A few years back, I was assigned to work on a huge documentation project that was using Word 2003 as the main documentation tool. I read a book called "Taking Word for Windows to the Edge" (or something like that), and learned lots of good stuff from it. One thing it taught me to do was to switch ON
all spelling, grammar-checking and proofing functionality in the settings. This greatly assisted in automated checking of all written text - including thoroughly parsing the grammar and checking for repetitive use of words. For example, if you wrote something repetitive but properly punctuated such as (say) "Very, very good but the rest of it was very, very bad and very, very smelly." it would not object to any of it, but it would spot any duplicated "very" that was without the necessary punctuation to make it grammatically correct.
However, it was not smart enough to check for bad use of English - for example, by pointing out that repetitive use of a phrase such as "Very, very something" was potential redundancy.
It could also sometimes spot the use of jargon and would suggest alternative terms.
I am currently using Word 2013, and it still has all this functionality.
I did once briefly trial an old software package called Grammatik
(per Wikipedia) that went some way beyond MS Word's limits:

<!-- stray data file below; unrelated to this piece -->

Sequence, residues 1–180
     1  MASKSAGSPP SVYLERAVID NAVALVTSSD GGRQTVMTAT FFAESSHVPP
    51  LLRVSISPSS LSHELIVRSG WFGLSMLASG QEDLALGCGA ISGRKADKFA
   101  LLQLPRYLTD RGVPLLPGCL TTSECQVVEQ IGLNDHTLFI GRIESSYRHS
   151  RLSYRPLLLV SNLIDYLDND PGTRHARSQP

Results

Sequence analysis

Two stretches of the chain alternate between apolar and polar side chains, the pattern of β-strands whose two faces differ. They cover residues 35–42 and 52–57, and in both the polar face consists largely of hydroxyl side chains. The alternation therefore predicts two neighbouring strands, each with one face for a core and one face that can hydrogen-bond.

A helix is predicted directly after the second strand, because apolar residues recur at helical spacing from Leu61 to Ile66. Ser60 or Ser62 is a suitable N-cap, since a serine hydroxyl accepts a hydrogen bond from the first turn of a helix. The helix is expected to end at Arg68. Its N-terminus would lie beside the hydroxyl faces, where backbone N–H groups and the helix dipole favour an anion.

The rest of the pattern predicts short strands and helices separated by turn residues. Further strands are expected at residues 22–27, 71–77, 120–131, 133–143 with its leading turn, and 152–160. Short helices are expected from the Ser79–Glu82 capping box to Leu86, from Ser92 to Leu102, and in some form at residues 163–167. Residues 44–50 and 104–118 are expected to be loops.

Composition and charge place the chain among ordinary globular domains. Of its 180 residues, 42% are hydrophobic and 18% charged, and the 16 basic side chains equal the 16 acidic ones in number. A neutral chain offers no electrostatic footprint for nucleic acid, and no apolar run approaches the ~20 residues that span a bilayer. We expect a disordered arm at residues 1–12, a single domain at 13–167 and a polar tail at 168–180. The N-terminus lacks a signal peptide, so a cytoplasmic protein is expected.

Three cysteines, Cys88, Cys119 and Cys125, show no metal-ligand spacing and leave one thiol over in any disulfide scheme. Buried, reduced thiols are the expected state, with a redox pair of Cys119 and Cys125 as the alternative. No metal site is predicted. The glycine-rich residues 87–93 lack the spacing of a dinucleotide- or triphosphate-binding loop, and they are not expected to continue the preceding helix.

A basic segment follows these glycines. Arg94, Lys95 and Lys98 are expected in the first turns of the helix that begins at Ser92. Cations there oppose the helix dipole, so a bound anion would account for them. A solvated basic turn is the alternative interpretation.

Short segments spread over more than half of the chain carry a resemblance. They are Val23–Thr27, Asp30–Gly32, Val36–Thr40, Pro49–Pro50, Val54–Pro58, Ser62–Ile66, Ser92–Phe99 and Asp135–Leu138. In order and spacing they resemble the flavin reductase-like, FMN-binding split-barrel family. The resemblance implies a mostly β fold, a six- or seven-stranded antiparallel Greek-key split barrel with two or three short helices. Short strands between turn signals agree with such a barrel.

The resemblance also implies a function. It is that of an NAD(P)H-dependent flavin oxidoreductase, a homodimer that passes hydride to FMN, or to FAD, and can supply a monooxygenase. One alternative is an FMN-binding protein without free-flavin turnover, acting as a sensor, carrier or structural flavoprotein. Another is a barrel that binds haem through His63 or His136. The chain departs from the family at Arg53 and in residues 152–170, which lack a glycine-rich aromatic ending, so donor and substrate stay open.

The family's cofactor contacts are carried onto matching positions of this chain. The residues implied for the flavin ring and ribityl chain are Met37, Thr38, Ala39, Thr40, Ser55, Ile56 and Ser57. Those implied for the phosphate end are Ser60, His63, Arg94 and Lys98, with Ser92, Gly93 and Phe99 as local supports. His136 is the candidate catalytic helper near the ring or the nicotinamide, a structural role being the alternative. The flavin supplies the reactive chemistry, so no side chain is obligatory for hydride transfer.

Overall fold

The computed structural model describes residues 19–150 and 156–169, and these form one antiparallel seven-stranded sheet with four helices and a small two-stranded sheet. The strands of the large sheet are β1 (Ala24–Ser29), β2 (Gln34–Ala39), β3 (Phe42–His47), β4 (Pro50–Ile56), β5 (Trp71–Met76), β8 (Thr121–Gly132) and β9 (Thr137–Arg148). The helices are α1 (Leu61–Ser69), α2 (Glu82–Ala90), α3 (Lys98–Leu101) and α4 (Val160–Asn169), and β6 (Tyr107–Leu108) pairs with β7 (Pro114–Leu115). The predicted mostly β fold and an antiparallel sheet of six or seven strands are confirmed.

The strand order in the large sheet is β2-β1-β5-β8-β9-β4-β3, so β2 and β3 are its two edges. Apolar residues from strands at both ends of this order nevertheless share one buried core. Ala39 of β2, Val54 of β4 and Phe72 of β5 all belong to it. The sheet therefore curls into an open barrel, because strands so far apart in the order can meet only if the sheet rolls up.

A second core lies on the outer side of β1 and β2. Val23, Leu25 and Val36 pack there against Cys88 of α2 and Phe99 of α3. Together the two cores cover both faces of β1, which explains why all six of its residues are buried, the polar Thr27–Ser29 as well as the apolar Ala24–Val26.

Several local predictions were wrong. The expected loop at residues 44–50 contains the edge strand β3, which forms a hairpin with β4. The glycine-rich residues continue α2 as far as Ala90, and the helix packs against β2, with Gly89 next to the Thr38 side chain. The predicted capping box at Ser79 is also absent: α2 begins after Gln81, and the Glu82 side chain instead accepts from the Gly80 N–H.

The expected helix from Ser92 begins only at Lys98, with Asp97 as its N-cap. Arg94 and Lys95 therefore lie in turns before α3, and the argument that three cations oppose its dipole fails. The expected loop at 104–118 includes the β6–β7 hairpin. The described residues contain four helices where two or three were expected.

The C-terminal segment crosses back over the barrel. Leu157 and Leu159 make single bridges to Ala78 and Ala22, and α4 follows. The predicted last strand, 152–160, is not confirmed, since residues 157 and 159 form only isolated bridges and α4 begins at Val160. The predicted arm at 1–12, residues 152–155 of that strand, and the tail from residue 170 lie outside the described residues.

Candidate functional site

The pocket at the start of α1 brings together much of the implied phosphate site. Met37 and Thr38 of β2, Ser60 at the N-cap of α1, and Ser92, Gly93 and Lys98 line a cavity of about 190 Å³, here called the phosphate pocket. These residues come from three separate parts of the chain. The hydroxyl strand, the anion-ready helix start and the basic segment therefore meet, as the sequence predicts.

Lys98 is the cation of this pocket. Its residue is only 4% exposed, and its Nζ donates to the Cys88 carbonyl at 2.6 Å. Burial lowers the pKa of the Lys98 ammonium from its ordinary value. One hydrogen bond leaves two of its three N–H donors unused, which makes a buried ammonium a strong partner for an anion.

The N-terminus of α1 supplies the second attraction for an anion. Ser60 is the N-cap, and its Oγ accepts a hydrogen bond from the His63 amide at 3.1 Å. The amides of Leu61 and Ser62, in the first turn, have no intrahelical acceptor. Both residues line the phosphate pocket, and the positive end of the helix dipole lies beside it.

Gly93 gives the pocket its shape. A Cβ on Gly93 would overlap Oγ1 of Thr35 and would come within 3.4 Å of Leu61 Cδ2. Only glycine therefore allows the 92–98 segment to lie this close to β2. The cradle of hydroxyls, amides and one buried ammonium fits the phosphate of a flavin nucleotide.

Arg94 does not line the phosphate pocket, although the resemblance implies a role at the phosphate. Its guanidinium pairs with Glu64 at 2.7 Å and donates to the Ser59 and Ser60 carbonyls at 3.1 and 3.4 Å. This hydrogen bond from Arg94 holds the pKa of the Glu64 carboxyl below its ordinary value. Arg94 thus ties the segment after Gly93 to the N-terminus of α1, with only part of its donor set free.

Grammatik was the first grammar checking program developed for home computer systems. Aspen Software of Albuquerque, NM, released the earliest version of this diction and style checker for personal computers, in 1981. Grammatik was first available for a Radio Shack - TRS-80, and soon had versions for CP/M and the IBM PC. Reference Software of San Francisco, CA, acquired Grammatik in 1985. Development of Grammatik continued, and it became an actual grammar checker that could detect writing errors beyond simple style checking.
Subsequent versions were released for the DOS, Windows, Macintosh and Unix platforms. Grammatik was ultimately acquired by Corel and is integrated in the WordPerfect word processor.
I don't know, because I haven't tried it, but SmartEdit
looks like it goes some way towards doing the same kind of thing, using a different approach. It's clearly aimed at parsing/improving writing, anyway.